For this year’s Mental Health Awareness Week, we asked pupils, alumnae and staff to share their thoughts on mental wellbeing. In this article, current Head Girl, Isabelle, talks about why raising awareness in school is so important.

At NHSG I feel lucky that we’re able to have such open and honest conversations about mental health, and that we are proactively supported and encouraged to do so. However, it’s a sad fact of life that mental health stigma still exists, which is why talking more about mental health before we leave our supportive school environment is so important.

As Head Girl I’m part of a pupil leadership team that promotes mental health awareness to all girls across all years. We regularly consult with Mrs Franks-Doyle, Deputy Head Pastoral of Pastoral Care, and participate in assemblies and awareness events – including this week’s Mental Health Awareness Week.

So why the focus on mental health specifically?

Everybody has mental health just as everybody has physical health, and we all experience some sort of struggle at some point in our lives. Some might experience short term mental health problems relating to difficult life events – such as exam pressures or starting a new school, while others might have diagnosed mental health problems that need to be managed over a lifetime. Either way, it’s important to remember that nobody reacts in exactly the same way to these struggles or diagnoses, and signposting to specialist support is a great way to help.

Our approach to mental health awareness this year is more focused. Rather than considering mental health in its broadest sense, we are focusing in on some specific areas that we feel many of our peers will find relatable, as well as exploring some of the more common mental health problems.

Between Monday and Friday we’ll be holding events, talks and discussions on: female empowerment and sexual harassment; eating disorders; anxiety and depression; the perils of perfectionism; and OCD (Obsessive Compulsive Disorder). We’ll launch the week with an assembly to let everyone know what we’ve got planned, and this will be followed later in the week with talks from alumnae, our school nurse and other health professionals. We’ll also hold information stalls so girls and staff can drop by and chat, and there will be an anonymous question box so girls can confidently and discreetly ask about anything that’s worrying them or about a topic that they just want to learn more about.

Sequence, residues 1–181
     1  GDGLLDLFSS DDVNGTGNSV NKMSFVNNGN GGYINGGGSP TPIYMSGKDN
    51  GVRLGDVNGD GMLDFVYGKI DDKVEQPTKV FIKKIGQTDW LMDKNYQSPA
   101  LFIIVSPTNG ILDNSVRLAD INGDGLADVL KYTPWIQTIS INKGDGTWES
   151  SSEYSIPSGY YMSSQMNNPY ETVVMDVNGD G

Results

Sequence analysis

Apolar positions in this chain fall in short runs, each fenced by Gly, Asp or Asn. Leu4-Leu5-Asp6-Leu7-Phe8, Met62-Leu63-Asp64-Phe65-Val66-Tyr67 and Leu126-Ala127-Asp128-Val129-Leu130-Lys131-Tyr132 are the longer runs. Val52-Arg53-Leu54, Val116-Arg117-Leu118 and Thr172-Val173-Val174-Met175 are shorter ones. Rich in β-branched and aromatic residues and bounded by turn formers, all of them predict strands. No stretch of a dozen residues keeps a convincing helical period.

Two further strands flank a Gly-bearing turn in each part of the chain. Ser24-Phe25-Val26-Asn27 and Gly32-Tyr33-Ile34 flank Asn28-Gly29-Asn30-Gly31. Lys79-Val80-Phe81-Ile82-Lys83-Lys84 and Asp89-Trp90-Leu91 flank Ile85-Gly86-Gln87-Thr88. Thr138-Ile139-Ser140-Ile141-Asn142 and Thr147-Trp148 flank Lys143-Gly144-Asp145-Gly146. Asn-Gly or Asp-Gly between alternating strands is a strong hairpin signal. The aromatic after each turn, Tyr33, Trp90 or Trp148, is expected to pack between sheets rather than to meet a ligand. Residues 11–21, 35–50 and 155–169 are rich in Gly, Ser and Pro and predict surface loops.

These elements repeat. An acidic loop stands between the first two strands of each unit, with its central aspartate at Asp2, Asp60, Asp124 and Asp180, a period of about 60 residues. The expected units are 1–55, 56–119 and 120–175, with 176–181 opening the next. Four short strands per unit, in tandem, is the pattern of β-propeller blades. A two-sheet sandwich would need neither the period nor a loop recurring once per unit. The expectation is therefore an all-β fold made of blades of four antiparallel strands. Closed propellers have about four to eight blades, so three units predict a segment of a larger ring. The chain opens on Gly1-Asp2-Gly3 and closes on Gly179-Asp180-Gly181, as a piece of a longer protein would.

But we know that we have a responsibility to do more than take part in annual awareness days and weeks – after all, mental health problems don’t take time off during the rest of the year! With this in mind we’re setting up Mental Health First Aid training for Sixth Form girls at NHSG to create additional support resource that will be available throughout the year for all the pupils. If, for example, the counsellor has a waiting list, or somebody feels unable to speak to a teacher for whatever reason, there will be fully trained Sixth Form pupils on hand to offer their support to anyone who might be struggling. This also creates a strand of support that is highly relatable because, at the end of the day, as Sixth Formers, we’ve been there – we remember what it was like to start high school and to manage our GCSE revision. We hope to launch this new initiative in September once all of the training and planning is in place.

Why is this work so important?

If we weren’t delivering these talks and providing peer support resources, there could be so many girls struggling alone, not knowing where or how to ask for help. I’ve been there myself and, when I was finally able to open up to someone and realise I wasn’t alone in what I was feeling, the sense of relief was huge. However, even if we are lucky enough to complete school without such struggles, it’s good for us all to learn more about mental health so we can be there to support our friends and family.

What about stigma?

Stigma, which often stems from a lack of knowledge, can really impact people who are struggling. If comments about OCD or depression are blasé, the people who might be experiencing those problems could feel ashamed and believe that they should just ‘get over it’ or they may feel unable to ask for help. Language is also key – suggesting that we are ‘depressed’ because there’s no pasta at lunch or that we ‘have OCD’ because we like to arrange our wardrobes in a certain way might not sound like much of an issue, but it could have a detrimental impact on someone living with OCD or depression. It belittles what they are going through – even if we don’t mean to cause them harm.

So it’s important that we have these conversations and raise awareness while we are still in school. If we educate ourselves more now about mental health, when we leave school and head into the real world each one of us could make a significant difference by just being there for someone or challenging stigma.

We can all make a difference now and in the future if we invest in our mental health learning today.

 

 

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